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The Fight Against Racism In Outer Space

Just when you thought intersectionality couldn’t get any sillier, the American space agency has joined the fight against racism. Or perhaps that should be spacism.

If you thought NASA’s mission was to conquer space, “the final frontier”, think again, it is actually to lead “diversity and civil rights policies, programs, and services – enabling the universe of available talent to contribute inclusively and equitably…”

Last month it was announced NASA was to name its headquarters after its first black engineer, Mary Jackson. Obviously a far more inspirational choice than an old white dude like Neil Armstrong.

Alas, while it is suitable to name a building after a woman, it is no longer suitable to name a nebula after an entire race of people; the Eskimo Nebula is now said to be a harmful name. Actually, Eskimo, or Esquimaux, means “person who laces a snowshoe”, something that is hardly controversial. Alas, the Eskimo Nebula is now to be frozen out.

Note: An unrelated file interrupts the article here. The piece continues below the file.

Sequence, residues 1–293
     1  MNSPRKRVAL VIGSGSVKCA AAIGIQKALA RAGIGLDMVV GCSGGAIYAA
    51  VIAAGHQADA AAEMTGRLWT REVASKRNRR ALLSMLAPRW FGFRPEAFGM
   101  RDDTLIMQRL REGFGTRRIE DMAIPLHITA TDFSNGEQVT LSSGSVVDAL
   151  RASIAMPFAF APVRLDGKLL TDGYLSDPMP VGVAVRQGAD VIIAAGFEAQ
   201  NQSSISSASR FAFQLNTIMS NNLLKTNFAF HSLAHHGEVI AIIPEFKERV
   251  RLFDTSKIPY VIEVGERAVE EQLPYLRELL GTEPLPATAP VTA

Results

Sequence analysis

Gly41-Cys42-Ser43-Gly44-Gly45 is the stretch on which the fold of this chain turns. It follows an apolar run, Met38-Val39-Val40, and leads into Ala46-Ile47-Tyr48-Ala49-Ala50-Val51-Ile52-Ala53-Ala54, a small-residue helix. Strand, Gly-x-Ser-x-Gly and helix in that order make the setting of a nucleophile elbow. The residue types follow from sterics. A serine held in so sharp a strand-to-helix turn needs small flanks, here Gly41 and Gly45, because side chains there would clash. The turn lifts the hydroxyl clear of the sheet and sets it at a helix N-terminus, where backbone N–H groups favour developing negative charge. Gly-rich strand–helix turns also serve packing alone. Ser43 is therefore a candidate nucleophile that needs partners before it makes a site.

There are though many other problems related to the naming of other worldly objects. Space itself is black; are we now to allude to it as “of color”, and what about black holes, should they be known as holes of color?

A white dwarf is a star that has collapsed, but surely dwarves are no more to be mocked than any other protected category?

If this recategorising of astral objects sounds ludicrous, it is sadly not new. Back in 1999, the last Millennium, be it noted, a contributor to Jewish World Review mocked the attempt to find anti-Semitism in Star Wars characters and plots.

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The statements, views and opinions expressed in this column are solely those of the author and do not necessarily represent those of The Duran.

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